NEW ARTIST: Miss Naivety



NEW ARTIST: Miss Naivety

Irina Shtreis is an Iceland-based musician originally hailing from Russia. When we met her at a social gathering during the fabulous Iceland Airwaves festival in Reykjavik, we chatted about various things before Irina revealed that she has been working on two connected EPs over the last two years. She recorded those two albums herself and performs them under her artist name Miss Naivety.

Like the namesake geometrical problem, Irina approaches a difficult question with the EPs.

“’How to Square the Circle’ is the concept for the album comprising two parts”, she explains. “Both EP’s explore the theme of connection occurring between people despite space, time, cultural misunderstandings and different backgrounds. With the title referring both to alchemy and the mathematical conundrum, it implies the attempt to go beyond the boundaries of assumptions and expectations that cause the same mistakes being constantly repeated. Generally speaking, it is an attempt to learn how to avoid these mistakes and understand the essence of love which means acceptance and readiness for a change.”

The music of the first EP is intimate and fragile. Irina uses rarely more than one instrument, guitar or keyboard per song and adds field recordings and ambient noises sparingly. “How to Square the Circle II” continues the theme, but feels overall tighter and richer.

“The second EP, though, suggests thinking about such things more globally,” Irina says. “Not only it mentions the bonds that occur between individuals but also highlights the processes in the world that inevitably tag us as irreconcilably different and place upon the opposite sides of the barrier. The language barrier, political barrier, the ‘circle’ barrier. Yet, there is always a chance to look from another perspective with which the assumptions vanish and pure gold remains.”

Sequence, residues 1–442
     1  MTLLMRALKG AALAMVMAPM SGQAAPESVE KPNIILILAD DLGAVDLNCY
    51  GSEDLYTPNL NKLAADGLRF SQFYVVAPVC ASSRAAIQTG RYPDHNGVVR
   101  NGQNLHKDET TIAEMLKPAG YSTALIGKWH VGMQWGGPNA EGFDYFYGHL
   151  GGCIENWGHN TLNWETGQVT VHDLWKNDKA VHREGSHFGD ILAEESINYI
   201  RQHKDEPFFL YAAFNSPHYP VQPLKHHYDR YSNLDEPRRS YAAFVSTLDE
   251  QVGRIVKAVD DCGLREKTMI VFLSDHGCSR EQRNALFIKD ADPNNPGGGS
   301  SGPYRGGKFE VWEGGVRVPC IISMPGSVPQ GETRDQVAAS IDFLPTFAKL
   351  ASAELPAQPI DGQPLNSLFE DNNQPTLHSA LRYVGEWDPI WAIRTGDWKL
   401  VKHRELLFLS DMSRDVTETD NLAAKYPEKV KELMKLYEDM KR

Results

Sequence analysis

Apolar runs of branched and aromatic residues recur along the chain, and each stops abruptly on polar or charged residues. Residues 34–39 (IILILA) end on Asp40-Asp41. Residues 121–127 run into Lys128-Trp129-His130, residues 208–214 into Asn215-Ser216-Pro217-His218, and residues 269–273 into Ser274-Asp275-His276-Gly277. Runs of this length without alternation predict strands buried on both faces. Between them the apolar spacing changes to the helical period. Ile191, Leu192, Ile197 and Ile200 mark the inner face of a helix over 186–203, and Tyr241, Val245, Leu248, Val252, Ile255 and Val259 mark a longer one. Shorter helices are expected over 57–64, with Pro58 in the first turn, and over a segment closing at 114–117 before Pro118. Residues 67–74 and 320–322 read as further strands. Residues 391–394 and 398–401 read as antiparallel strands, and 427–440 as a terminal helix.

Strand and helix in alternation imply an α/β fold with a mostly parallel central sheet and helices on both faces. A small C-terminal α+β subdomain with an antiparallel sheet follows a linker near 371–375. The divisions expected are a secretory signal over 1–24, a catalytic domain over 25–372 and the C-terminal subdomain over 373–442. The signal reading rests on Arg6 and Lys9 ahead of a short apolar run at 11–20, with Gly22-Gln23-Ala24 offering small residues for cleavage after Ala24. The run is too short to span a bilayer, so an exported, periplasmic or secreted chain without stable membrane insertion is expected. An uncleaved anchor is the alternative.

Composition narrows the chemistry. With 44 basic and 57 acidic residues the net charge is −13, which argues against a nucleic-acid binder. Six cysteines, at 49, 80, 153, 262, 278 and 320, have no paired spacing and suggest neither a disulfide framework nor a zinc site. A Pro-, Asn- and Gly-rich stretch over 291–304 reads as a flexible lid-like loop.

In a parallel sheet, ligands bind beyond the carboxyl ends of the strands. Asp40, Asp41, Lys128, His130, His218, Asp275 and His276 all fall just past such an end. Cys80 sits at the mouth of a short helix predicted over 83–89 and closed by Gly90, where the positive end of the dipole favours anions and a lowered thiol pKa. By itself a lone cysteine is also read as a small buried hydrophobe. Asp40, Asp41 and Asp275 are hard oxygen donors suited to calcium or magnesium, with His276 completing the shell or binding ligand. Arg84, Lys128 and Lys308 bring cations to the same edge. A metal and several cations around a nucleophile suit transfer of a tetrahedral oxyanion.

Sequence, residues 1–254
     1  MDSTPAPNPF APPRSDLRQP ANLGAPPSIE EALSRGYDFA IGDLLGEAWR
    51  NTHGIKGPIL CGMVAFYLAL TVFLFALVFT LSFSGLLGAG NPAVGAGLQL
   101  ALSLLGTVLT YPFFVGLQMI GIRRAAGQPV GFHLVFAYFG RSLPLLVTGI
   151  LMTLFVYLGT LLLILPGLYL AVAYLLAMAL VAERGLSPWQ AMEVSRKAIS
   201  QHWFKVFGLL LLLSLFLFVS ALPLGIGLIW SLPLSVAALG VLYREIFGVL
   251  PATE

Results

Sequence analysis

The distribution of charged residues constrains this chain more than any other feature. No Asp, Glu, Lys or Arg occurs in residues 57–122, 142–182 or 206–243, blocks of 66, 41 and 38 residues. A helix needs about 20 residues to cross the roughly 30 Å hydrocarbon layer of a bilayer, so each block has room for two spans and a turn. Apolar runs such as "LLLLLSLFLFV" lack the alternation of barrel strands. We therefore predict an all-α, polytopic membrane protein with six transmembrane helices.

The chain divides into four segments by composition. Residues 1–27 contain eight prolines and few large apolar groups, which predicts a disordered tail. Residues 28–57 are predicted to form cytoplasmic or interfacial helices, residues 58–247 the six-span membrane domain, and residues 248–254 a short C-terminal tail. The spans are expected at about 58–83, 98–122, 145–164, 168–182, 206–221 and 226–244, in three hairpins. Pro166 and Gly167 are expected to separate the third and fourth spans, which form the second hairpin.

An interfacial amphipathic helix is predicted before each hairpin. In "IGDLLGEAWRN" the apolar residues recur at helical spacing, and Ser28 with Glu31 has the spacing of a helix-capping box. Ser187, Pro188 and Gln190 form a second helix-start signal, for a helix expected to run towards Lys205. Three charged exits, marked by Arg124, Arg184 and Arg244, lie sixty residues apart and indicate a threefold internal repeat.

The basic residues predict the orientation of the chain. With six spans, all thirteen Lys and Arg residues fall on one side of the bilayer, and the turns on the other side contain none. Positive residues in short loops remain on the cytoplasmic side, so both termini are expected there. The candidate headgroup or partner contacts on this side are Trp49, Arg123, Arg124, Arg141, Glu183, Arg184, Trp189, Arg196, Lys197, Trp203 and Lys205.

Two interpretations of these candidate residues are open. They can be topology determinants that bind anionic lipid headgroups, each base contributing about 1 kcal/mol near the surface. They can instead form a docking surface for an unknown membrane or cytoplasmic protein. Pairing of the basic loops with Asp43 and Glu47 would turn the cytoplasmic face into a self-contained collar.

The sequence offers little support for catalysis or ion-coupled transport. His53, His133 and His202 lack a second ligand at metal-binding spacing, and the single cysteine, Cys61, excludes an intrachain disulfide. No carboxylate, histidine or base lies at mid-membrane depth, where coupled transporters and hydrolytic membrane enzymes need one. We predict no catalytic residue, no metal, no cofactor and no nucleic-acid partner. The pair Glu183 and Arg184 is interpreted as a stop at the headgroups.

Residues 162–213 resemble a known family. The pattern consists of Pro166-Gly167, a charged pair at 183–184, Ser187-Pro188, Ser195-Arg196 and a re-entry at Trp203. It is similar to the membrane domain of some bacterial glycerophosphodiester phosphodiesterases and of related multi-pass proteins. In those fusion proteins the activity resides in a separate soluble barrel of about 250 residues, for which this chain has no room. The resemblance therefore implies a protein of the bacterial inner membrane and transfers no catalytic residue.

Throughout both EPs Irina uses recorded voices to add depth and mystery to the records. A particularly beautiful piece is the intro to the sixth track “Balti Jaam”. She gives some background:

“The final track on How to Square the Circle II is preceded by a poem ‘A Valediction: Forbidding Mourning’ written by John Donne (read by Richard Burton), a metaphysical poet of the early 17th century. It emphasizes the stoicism of lovers before parting and acceptance of the temporary separation.”

Both EPs feel deliberately crafted and the concept behind them carefully thought through. For this it comes somewhat as a surprise that Irina composes her music way before the lyrics come into play:

“The songwriting process starts within my comfort zone territory but mostly is triggered by my experience of going beyond its boundaries. It usually begins with playing the same pattern over and over again unless I understand that it’s worth recording a draft with a digital dictaphone. Then I start singing with words that sound “smooth” in a particular musical context. Producing and editing actual lyrics takes a little longer time that all described before.”

Irina works as a true DIY musician:

“I did the recording and mixing for both parts by myself. This is the approach I’m largely relying on – it might take time to analyze what sound is needed but eventually I find it easier to work on music individually than in collaboration. This, though, doesn’t mean that I wouldn’t be happy to find people who are musically on the same wave and willing to do something together. Finding your people must always be appreciated.”

Thank you, Irina, for giving us insight into your work. We hope to see you again this year at Iceland Airwaves 2019.
Listen to “How to Square the Circle” and “How to Square the Circle II” on BandCamp: